"I didn't know where I was, and I didn't know the guy who was leaning over me. I had been unconscious, and I was flat on my back, but as I began awakening in a groggy, dull fog, I sensed that I was in some kind of aircraft. Over the noise, the pilot spoke. He was talking about a patient with severe limb damage and a possible head injury," Mike wrote in the opening chapter of the book. "The pilot was contacting the radio dispatch room at the University of Utah Hospital Trauma Services Unit in Salt Lake City. I did not comprehend that I was the patient. Everything revolved in slow motion around me. I felt cold, numb. And then I blacked out again."
     Trauma surgeons subsequently were forced to amputate Mike's hands following a horrific accident that nearly killed him. Although the course of his life was unalterably changed, he was determined against all odds to fly airplanes again. Within a remarkably short time of losing his hands, Mike became determined to resume flying airplanes. He was fitted for and tried numerous hook devices and prosthetic arms before his relentless pursuit led him to a technologically advanced solution with which he was able to perform some critical hand functions.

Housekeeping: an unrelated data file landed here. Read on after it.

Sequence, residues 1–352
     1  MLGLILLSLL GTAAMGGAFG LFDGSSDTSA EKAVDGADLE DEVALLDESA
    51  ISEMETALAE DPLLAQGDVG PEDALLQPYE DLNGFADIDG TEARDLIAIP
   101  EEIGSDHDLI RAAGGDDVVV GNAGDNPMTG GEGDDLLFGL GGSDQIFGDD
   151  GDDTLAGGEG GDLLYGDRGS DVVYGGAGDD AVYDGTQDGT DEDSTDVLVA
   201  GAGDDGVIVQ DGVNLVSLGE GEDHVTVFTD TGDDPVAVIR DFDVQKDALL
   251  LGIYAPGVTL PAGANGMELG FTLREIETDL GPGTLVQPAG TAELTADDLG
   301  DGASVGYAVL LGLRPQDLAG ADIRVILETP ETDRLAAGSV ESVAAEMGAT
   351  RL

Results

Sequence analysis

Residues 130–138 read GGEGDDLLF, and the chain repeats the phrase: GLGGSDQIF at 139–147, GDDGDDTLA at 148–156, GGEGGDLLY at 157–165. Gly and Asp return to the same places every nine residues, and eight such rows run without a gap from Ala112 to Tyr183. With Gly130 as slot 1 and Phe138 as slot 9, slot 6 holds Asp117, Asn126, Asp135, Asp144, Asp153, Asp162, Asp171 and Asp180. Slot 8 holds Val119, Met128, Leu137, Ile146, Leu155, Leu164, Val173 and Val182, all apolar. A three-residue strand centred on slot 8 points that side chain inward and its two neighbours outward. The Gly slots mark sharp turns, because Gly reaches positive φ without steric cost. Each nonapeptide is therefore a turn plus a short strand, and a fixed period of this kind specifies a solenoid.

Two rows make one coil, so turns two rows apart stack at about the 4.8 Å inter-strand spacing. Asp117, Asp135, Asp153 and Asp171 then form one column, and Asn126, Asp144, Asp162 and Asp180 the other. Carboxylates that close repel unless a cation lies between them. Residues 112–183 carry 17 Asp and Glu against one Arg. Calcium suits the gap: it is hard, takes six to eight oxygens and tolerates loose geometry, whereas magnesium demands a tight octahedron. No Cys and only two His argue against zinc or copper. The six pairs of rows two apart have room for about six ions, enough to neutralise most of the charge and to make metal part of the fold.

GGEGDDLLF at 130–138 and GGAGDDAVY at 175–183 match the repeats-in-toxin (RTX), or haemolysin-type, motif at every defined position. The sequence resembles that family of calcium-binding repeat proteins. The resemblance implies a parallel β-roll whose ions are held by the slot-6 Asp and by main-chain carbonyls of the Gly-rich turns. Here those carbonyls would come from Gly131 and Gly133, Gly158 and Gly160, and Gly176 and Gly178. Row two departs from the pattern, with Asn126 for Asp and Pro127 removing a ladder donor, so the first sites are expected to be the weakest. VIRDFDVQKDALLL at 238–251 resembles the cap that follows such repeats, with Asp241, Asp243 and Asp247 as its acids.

He culminated two years of preparations when he successfully demonstrated for doubting FAA examiners his ability to fly an aircraft using electronic prosthetic hands. The FAA reinstated his pilot's license and, while he never flew Boeing 737s again, he went on to perform intricate maneuvers in aerobatics shows to prove to himself and the naysayers that he could do it. Mike, working in collaboration with Marti Smiley Childs and Jeff March, tells his story in Within My Grasp: A Double Amputee's True Story. It is an inspirational autobiography about the challenges of coping with a disability, and learning how to focus on what you can do, rather than what you cannot do.